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American Experience Season 14 Episodes

14 Episodes 2001 - 2002

Episode 1

New York: A Documentary Series - City of Tomorrow (1929-1945)

Mon, Oct 1, 2001 120 mins

"City of Tomorrow (1929-45)" focuses on Mayor Fiorello LaGuardia, who used his close ties to FDR to make the city "a gigantic laboratory of civic reconstruction"; and master builder Robert Moses, who "adapted a 19th century city to 20th century circumstances," says historian Kenneth Jackson. The biggest one: the car. Says narrator David Ogden Stiers: "It challenged all previous assumptions about urban life."

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Episode 2

New York: A Documentary Series - The City and the World (1945 to the Present)

Mon, Oct 8, 2001 150 mins

Conclusion. "The City and the World" begins in 1945, with New York "at the pinnacle," says historian David McCullough. By 1975 it was: "Ford to City: Drop Dead," as a Daily News headline put it. The program charts the city's decline as it follows what narrator David Ogden Stiers calls "a maelstrom of destruction in the name of urban renewal." Part and parcel of it were the highways Robert Moses built, many through vibrant neighborhoods. The city rebounded in the '80s.

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Episode 3

War Letters

Sun, Nov 11, 2001 57 mins

War letters from the American Revolution to the Gulf War are read by 15 actors (including Joan Allen, Edward Norton, Kevin Spacey and Courtney B. Vance). Accompanied by clips, home movies and re-creations, the letters reflect the horror, boredom, anger and, mostly, fear that war engenders. Many readings are followed by notations that the writers had died, but the hour isn't unrelentingly grim. "Pucker up," one WWII GI writes to his sweetheart on VJ Day. "Here I come."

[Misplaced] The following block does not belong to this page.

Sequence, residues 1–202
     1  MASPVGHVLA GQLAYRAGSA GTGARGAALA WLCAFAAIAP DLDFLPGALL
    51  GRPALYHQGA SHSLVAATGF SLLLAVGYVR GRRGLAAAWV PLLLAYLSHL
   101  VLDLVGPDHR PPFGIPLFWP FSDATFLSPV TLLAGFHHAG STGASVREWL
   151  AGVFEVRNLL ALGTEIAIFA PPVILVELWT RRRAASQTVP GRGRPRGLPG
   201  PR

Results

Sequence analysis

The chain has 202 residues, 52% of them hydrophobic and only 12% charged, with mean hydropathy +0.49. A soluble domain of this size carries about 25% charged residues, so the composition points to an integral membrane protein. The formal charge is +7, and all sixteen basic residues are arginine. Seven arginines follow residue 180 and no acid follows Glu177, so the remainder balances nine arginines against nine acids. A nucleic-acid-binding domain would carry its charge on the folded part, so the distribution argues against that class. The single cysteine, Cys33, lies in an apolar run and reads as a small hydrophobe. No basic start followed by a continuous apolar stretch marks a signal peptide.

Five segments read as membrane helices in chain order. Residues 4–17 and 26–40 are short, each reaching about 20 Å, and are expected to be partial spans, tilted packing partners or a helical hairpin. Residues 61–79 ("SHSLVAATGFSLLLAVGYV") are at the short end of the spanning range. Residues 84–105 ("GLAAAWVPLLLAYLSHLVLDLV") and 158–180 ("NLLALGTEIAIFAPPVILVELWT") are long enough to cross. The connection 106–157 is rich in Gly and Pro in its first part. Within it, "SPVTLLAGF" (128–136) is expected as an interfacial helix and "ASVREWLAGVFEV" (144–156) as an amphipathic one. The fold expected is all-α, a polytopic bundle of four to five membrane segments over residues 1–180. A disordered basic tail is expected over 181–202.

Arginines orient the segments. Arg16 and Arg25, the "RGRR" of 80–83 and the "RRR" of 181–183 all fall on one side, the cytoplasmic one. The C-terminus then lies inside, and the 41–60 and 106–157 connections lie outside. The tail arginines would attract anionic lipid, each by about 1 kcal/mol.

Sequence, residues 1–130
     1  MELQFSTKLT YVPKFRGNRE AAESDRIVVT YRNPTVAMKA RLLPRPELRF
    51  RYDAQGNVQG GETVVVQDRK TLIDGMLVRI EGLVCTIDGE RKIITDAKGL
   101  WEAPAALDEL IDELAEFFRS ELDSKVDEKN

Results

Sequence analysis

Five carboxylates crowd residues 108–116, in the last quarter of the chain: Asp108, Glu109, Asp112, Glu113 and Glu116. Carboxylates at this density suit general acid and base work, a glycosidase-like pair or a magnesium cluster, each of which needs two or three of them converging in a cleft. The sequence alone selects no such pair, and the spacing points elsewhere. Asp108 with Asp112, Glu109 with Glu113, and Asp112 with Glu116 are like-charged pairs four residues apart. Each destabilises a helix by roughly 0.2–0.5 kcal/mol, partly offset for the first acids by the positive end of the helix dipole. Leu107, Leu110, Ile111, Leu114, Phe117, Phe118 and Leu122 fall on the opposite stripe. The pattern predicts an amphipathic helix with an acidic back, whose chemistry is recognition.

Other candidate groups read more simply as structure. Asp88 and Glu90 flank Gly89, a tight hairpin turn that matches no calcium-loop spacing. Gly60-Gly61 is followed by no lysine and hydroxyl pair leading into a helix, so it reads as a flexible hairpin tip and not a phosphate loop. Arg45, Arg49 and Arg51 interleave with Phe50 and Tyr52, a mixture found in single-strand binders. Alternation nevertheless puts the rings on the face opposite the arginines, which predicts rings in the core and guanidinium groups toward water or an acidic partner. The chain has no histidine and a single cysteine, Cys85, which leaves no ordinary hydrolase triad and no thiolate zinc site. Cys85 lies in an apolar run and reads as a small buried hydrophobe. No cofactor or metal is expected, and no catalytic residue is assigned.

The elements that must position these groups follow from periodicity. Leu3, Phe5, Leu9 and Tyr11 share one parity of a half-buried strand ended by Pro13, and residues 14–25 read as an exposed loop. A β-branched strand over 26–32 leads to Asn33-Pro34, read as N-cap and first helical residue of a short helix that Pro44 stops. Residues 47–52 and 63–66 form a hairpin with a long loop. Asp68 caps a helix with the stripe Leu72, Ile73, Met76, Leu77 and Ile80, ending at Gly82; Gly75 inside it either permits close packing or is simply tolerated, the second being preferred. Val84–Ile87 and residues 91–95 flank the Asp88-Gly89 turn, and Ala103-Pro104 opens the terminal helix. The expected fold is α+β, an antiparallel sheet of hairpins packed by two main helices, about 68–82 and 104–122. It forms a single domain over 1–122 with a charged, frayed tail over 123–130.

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Episode 4

Woodrow Wilson

Sun, Jan 6, 2002 90 mins

A two-part profile of Woodrow Wilson in which news clips, atmospheric re-creations and readings (Rene Auberjonois and Blair Brown provide the voices of Wilson and his first wife, Ellen) supplement interviews with historians. Part 1 takes Wilson (1856-1924) from his Georgia childhood to the outbreak of World War I---just as Ellen dies. "He's got to deal with the breakdown in the world," historian John Milton Cooper says. "And he's got to deal with the breakdown in his personal life." Linda Hunt narrates.

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Episode 5

Woodrow Wilson

Sun, Jan 13, 2002 90 mins

Woodrow Wilson reluctantly enters World War I in an effort to "make the world safe for democracy" as this two-part profile concludes. He wins the war but loses the peace, as he's confounded first by the French and British at the Treaty of Versailles in 1919; then by the Republicans in the Senate, who thwart U.S. entry into the League of Nations. Meanwhile, Wilson marries Edith Bolling-Galt (voice of Marion Ross) less than a year after his first wife dies. Edith would emerge as the President's virtual "regent" when Wilson suffers a stroke in 1919. Voice of Wilson: Rene Auberjonois. Linda Hunt narrates.

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Episode 6

Episode 6

Sun, Jan 20, 2002 57 mins

Chronicling the 16-year struggle (1925-41) to fashion Mount Rushmore in South Dakota's Black Hills, and profiling sculptor Gutzon Borglum, its creator. Borglum was 60 when plans for Rushmore were announced and he died not long after the final busts were completed. In between, money was often scarce and the granite from which the likenesses were hewn was crumbly. But Borglum wouldn't be denied, and he had foresight: He planned for 300,000 years' worth of weather erosion. Michael Murphy narrates.

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Episode 7

Miss America

Sun, Jan 27, 2002 120 mins

Recalling the 80-year history of the Miss America Pageant and what narrator Cherry Jones calls "a barometer of America's shifting ideas of American womanhood." Included: eight former Miss Americas recall their runway strolls---and the world beyond Atlantic City during their reigns. Also: comments from historians and social observers, including Gloria Steinem, a beauty-pageant contestant herself as a teen. "It was glamorous," she says, perhaps surprisingly. Also surprising is Miss America 1998 Kate Shindle's view of the swimsuit competition. "It's empowering," she says. "If you can do that, you can do anything."

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Episode 8

Zoot Suit Riots

Sun, Feb 10, 2002 60 mins